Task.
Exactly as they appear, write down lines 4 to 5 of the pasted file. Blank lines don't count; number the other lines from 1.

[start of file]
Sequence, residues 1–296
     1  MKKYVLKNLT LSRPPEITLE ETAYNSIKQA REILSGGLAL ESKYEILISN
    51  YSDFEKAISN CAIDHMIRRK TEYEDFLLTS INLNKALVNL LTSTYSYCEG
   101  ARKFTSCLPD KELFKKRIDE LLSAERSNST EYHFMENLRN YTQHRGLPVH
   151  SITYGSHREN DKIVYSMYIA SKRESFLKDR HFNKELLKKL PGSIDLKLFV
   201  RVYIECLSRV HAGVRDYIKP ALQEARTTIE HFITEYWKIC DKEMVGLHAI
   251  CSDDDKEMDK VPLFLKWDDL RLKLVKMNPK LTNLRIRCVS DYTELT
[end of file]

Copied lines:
   101  ARKFTSCLPD KELFKKRIDE LLSAERSNST EYHFMENLRN YTQHRGLPVH
   151  SITYGSHREN DKIVYSMYIA SKRESFLKDR HFNKELLKKL PGSIDLKLFV